Saturday, June 5, 2010


Sin Of The Flesh
By John McDonnell

“Flesh? You mean to say people in the future expose their flesh?” Darcy said.

“They are nearly naked on the beach. I saw it with my own eyes.” Professor Smythe pursed his lips disapprovingly.

“Such immorality! They must have no sense of decency.”

“Quite. It made me long for the example of our dear Queen Victoria, who is the pillar of modesty. Which is why I have decided to hide my time machine. The future is an immoral time, not fit for anyone of our era to see.”

“Yes, but in the interest of Science, perhaps a trip or two. . .”

“No! Those sights are not meant for men’s eyes. I will lock up my invention and that is final.”

“As you wish.”

Later, though, Darcy snuck into the carriage house, took the tarpaulin off the machine, and started it. He told himself he was doing it for Science. He couldn’t remember which year his friend had told him he visited. No matter, he simply set it for several hundred years in the future.

The machine whirred and clanked, it’s wheels and rotors spinning into life. They spun faster and faster, and the air seemed to shimmer and blur. Then, everything stopped, and Darcy saw sand, and heard the nearby surf.

What luck! He was on a beach, and would be able to see--

Something bit into his shoulder, and he was jerked out of his seat and up in the air. He found himself dangling ten feet up, staring into the eyepiece of a shiny metallic thing that seemed to be studying him. There was a whirring sound coming from the region behind its eyes. Another sharp claw sliced through his clothing, and in seconds he was naked. The thing examined him more closely, touching his flesh with another appendage that had long, cold fingers.

“What is it?” a voice from below said. “What have you found, Rex?”

Darcy looked down and saw a squat, black thing looking up at him, from a group of other squat black things. They looked like enormous beetles. Somehow, they could talk, although he didn’t know where their voices were coming from.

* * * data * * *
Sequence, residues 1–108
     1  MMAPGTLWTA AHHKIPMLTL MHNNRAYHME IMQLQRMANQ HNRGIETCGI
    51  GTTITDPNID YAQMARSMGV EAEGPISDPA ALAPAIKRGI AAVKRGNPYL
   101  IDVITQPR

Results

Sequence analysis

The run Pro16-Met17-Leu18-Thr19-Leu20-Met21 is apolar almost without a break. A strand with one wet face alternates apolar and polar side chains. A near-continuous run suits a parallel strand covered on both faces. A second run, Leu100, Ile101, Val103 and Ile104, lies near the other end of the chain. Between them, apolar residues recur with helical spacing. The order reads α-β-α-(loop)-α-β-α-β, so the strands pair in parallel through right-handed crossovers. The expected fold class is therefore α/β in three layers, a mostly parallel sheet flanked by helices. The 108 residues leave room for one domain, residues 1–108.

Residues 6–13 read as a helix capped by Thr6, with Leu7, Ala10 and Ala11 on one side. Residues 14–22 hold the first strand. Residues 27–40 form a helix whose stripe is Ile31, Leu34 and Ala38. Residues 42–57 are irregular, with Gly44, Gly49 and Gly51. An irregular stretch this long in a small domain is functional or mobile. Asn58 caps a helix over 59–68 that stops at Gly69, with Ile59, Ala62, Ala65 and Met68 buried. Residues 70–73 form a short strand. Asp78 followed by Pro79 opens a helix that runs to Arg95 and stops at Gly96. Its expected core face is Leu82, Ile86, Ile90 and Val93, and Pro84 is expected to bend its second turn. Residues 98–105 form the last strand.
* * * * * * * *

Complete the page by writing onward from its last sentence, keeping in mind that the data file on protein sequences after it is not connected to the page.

He was suddenly lowered almost to the ground, where the beetle things could see him with their large insect eyes. Their antennae swayed back and forth, and the sun reflected off their smooth black shells.

The first voice said: “Interesting case. Most of them don’t try to camouflage themselves anymore. Their mating rituals require nakedness.”

“Disgusting,” the rest said, in chorus. “Get it away!”

Darcy wanted to cover himself, but he could not. Then he was raised high in the air and flung hard to the ground. He broke several bones, and was in an agony of pain.
The last thing he heard before being crushed to death by the droid’s 10 ton foot, his insides splattered across the beach, was: “Sorry that you all had to see such an obscenity on our beach. We’ve eradicated most of them, but there are still a few stragglers.”

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My biography: John McDonnell has published fiction in many genres, including: sci-fi, horror, romance, humor, and literary. He has had more than 30 stories published, and writes a story a day. He lives in Doylestown, PA.


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